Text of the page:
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and we shall see him as he is in all his glory. Then shall we no longer be tempted, as now we often are, to forget that he is nigh, but shall find that“ in his presence there is fulness of joy, and at his right hand there are pleasures for evermore.”
Animated, therefore, O heavenly Father, by the prospect of these glorious things, we would beseech thee, “ without whom nothing is strong, nothing is holy,” “who seest that we have no power of ourselves to help ourselves, and that we put not our trust in any thing that we do ;” we would beseech thee to graft in our hearts, by thy Holy Spirit, such a sense of thy continual presence, that we may thereby be restrained at all times from sinning against thee, and may be “ ready, both in body and soul, cheerfully to accomplish those things that thou wouldest have done,” so that finally, through the merits of our blessed Redeemer, we may arrive in that blissful region where thou manifestest thyself in all the glory of thy inconceivable perfections.
AN HISTORICAL ACCOUNT OF MUSIC; AND OF ITS DIVINE
AND CIVIL USES.
The late ingenious Mr. Thomas Brown, in his Preface to the “ Complete Music-Master," hath these words :-" What eloquence has power sufficient to describe the charms of that heavenly art which persuades and captivates us more than the most prevailing oratory ? Or, what need is there to enlarge upon the merits of harmony, which carries its own commendation along with it? It gently breathes and vents the mourner's grief, and heightens the joy of them that are cheerful ; it abateth spleen and hatred; it inspires the soldier with valour, and contempt of death, for which reason it was always encouraged by those nations that were most celebrated for military discipline; it soothes the pleasing disquietudes and pains of lovers; it relieves the haughty monarch under his most pensive intervals, and communicates its enlivening influence to the miserable' of all sorts ; it is the darling of palaces, and the comforting genius of the meanest cottages; it not only softens, but triumphs over the passions; it disarms envy; it alleviates and extinguishes grief; it bestows a new vigour upon joy, and makes our most exquisite pleasures the more palatable: neither is it excluded from the most awful and sacred assemblies, but even in the infancy of Christianity was admitted into the Church; and, indeed, what places so proper for harmony as those which are consecrated to the infinite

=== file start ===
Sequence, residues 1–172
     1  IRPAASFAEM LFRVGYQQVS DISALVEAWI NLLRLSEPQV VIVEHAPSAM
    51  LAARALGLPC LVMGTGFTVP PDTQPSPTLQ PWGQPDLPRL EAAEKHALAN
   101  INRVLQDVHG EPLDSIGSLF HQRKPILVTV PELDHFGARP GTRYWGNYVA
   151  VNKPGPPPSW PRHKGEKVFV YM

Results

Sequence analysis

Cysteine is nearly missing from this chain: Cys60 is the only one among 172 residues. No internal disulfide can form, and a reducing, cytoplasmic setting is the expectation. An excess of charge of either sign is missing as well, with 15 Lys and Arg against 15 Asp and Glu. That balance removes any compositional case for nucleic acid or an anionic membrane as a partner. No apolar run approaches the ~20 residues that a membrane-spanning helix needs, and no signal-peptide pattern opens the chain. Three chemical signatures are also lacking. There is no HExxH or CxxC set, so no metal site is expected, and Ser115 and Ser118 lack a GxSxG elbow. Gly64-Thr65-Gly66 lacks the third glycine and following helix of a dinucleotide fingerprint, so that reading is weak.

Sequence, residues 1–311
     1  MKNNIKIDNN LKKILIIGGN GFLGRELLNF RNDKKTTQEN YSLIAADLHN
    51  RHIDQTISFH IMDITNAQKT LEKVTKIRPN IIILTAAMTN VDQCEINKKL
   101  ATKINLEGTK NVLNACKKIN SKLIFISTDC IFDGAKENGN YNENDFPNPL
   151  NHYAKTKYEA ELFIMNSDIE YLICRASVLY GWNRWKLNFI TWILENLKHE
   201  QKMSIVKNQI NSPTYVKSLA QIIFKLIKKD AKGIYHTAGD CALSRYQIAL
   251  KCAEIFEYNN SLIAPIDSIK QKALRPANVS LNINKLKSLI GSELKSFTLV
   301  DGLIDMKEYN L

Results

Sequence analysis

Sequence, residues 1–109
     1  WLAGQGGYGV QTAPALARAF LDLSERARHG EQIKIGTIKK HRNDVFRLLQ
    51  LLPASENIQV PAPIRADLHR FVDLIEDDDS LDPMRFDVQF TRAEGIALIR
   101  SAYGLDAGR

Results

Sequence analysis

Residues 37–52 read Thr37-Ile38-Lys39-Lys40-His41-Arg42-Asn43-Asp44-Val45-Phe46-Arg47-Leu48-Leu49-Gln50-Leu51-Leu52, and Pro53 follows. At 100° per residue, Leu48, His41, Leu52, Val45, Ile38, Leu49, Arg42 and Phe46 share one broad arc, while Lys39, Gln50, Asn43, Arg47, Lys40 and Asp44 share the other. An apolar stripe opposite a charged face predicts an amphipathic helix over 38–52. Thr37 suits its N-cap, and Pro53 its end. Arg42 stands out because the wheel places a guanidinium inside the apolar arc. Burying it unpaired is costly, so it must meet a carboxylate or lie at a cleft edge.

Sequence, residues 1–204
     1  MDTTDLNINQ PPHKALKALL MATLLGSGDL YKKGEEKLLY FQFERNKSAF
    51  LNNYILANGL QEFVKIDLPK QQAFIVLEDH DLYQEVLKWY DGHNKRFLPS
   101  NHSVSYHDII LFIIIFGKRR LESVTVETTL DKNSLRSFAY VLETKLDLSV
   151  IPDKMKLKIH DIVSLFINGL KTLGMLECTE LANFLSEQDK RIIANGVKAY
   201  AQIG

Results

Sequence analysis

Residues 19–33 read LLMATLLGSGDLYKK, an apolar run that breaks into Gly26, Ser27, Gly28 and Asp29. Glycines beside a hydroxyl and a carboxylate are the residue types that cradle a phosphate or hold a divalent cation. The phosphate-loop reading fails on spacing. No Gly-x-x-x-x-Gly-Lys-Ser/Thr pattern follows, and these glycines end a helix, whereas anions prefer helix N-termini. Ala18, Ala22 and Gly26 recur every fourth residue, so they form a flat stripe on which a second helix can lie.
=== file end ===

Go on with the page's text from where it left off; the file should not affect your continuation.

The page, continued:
• In our researches after tunes for the projected volume of our Church Music, we have met with the above Preface to a valuable and scarce book of Psalm Tunes, in four parts, collected by Thomas Ravenscroft, B.M., and revised by William Turner, 1728, and which we doubt not will interest our readers.
Author of Harmony? It gives a new force and edge to devotion ; it carries our thoughts up to heaven ; makes us taste the joys of it here upon earth, and raiseth us to the felicity of angels.
•You that the King of kings would jointly praise above,
- All that we know
Is, that they sing, and that they love.
And while we sing, we consecrate our art,
And offer up with every tongue a heart.' “ Having ascribed such noble qualities to music, it may, perhaps, seem beneath its commendation to observe, that nothing is so great an ornament to a young gentleman as it is; it gives a happy bent and elevation to his thoughts; it refines and polishes his manners; and is so far from hindering him in his application to business, that it secures him from those temptations to which plenty and idleness expose those persons who do not know how to employ their vacant hours, otherwise than in unlawful pleasures,” &c.
Mr. John Playford, in the Preface of his “ Introduction to the Skill of Music," tells us, “ That ancient philosophers accounted it an invention of the gods, bestowing it on men to make them better conditioned than bare Nature afforded, and concludes a special necessity thereof in the education of children, partly from its natural delight, and partly from the efficacy it has in moving the affections to virtue, comprehending chiefly these three arts in the education of youth, viz. grammar, music, and gymnastic: the last of which being for the exercise of their limbs,” &c.
Music is an art unsearchable, divine, and excellent, by which a true concordance of sounds or harmony is produced, that rejoiceth and cheereth the hearts of men ; and hath in all ages, and in all countries, been highly reverenced and esteemed: by the Jews, for religion and divine worship in the service of God, as appears by Scripture ; by the Grecians and Romans, to induce virtue and gravity, and to incite to courage and valour.
Great disputes were among Ethnic authors about the first inventor. Some for Orpheus, soine Linus : both famous poets and musicians.